The Best Sad Movies on Netflix

The Best Sad Movies on Netflix

April 11, 2024

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Sometimes we all just need a good cry. Even though an algorithm such as Netflix’s is, in theory, designed to keep scratching the itch for entertainment that makes you feel good and satisfied, there’s still something cathartic about watching stories that just hurt. The streaming giant’s wide range of popular content designed for a broad, international viewership (with the odd selection or two for particularly niche audiences) means that this list we’ve created offers films that should leave you aching but not miserable—and should inspire a greater sense of empathy that trumps any hopelessness.

11. Society of the Snow (2023)

best

8.2

Country

Spain, United States of America

Director

J.A. Bayona

Actors

Agustín Berruti, Agustín Della Corte, Agustín Lain, Agustín Pardella

Moods

Challenging, Character-driven, Dark

Real life tragedies, especially one that’s as sensationalized as the Miracle in the Andes, can be tough to depict on screen. On one hand, the film has to keep true to the story but also maintain some form of spectacle to keep people watching. Past depictions of the 1972 crash are preoccupied with the cannibalism portrayed by big name actors, but Society of the Snow takes a different route. The actors are newcomers, the threats to their lives don’t require daring action stunts, and the cannibalism is limited to small chunks indistinguishable from animal meat. Instead, the spectacle of Society of the Snow is the human spirit– the vulnerability, the respect, and the generosity they’ve given each other in order to survive. It’s still an uncomfortable watch, especially since we get to know some of the survivors before the crash, but it’s definitely a transcendent addition to the genre dedicated to the miracle of existence.

12. Wildlife (2018)

8.1

Country

United States of America

Director

Paul Dano

Actors

Avery Bagenstos, Bill Camp, Blaine Maye, Carey Mulligan

Moods

A-list actors, Depressing, Sunday

A powerful but quiet movie directed by Paul Dano and based on a novel of the same name by Richard Ford. It stars Carey Mulligan and Jake Gyllenhaal as a couple who move to a new town with their only child during the 1960s. Their relationship transforms after Gyllenhaal’s character loses his job as a butler and chooses to leave for a more dangerous profession, firefighting. This movie is about his wife’s response to this event and the implications of both parents’ behavior on their kid. There are no twists or turns, exciting action or plot; but Wildlife doesn’t need any of that. This moving story about a decaying family unit is portrayed in the sadness that comes with such events. The only joy comes from watching the outstanding (but expected) performances of the cast.

13. We the Animals (2018)

best

8.0

Country

United States of America

Director

Jeremiah Zagar

Actors

Amelia Campbell, Evan Rosado, Giovanni Pacciarelli, Isaiah Kristian

Moods

Depressing, Dramatic, Sunday

Three half-Puerto-Rican, half-white boys grow up in suburban New York in this personal movie shot on stunning 16mm film.

This movie follows the boys, often literally with the camera behind their backs, as their parents’ relationship goes through turmoil. The kids are often left unattended and have to fend for themselves. The beauty of We the Animals is illustrating how they grow-up swinging between the angry character of their father and the protective nature of their mother.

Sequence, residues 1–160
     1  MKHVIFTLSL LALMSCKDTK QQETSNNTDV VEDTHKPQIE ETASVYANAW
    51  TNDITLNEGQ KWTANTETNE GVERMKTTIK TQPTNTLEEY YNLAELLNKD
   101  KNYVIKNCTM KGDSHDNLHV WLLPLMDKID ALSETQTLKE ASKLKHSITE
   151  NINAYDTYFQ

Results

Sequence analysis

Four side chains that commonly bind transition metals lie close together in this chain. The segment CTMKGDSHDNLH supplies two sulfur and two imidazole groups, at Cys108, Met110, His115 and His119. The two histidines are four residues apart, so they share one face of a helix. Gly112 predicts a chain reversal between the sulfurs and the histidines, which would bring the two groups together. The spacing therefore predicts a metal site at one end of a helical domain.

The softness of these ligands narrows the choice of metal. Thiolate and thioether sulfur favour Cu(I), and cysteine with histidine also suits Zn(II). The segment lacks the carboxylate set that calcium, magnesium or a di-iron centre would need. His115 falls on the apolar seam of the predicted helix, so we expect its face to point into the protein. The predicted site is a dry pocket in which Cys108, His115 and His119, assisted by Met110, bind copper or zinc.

This is one of the best movies I’ve seen in a long time, and I think I loved it so much because I was able to relate and feel for the main character (one of the boys). I really hope you will too.

14. Holy Spider (2022)

best

8.0

Country

Denmark, France, Germany

Director

Ali Abbasi

Actors

Alice Rahimi, Arash Ashtiani, Ariane Naziri, Majd Eid

Moods

Challenging, Depressing, Discussion-sparking

As a crime thriller, Holy Spider is taut and terrifying, a modern noir that manages to unnerve despite the familiar moves it employs. The cat and mouse chase between serial killer and investigative reporter, for instance, is a classic tale, but that doesn’t make Holy Spider any less gripping. The film benefits from artful camerawork, considered acting (as the daring journalist Rahimi, Zar Amir Ebrahimi nabbed the Best Actress award at Cannes), and most of all a nuanced take on the situation in Iran. 

Despite having a clear stance against violence and corruption, nothing in Holy Spider is black and white. Contradictions abound, and even when presented with brief moments of justice, we’re left scratching our heads looking for more. Such is the case when the system, and not just an individual, is the true pest. 

15. Farha (2021)

best

8.0

Country

Jordan, Sweden

Director

Darin J. Sallam, Female director

Actors

Ali Soliman, Ali Suliman, Ashraf Barhom, Sultan Alkhail

Moods

Challenging, Dark, Depressing

Based on a true story, Darin J. Sallam’s controversial debut feature Farha is, at heart, a brutal coming-of-age film. Set in 1948, the film is about a girl who gets locked into her family’s storeroom at the start of the Nakba, the Palestinian Catastrophe. Sallam’s choice to limit most of the film’s perspective to that small storeroom is brilliant – in some ways, it echoes the surrounding discussion about the conflict. Most of what the world knows of Palestine is limited due to having to deal with censorship, lost records, and only hearing word-of-mouth stories from ancestors who just barely survived. But what we see is already too horrific to begin with. And what the film knows is the tragedy of losing your home – having to leave childhood, leave your dreams, and leave a vibrant and living culture in order to survive.

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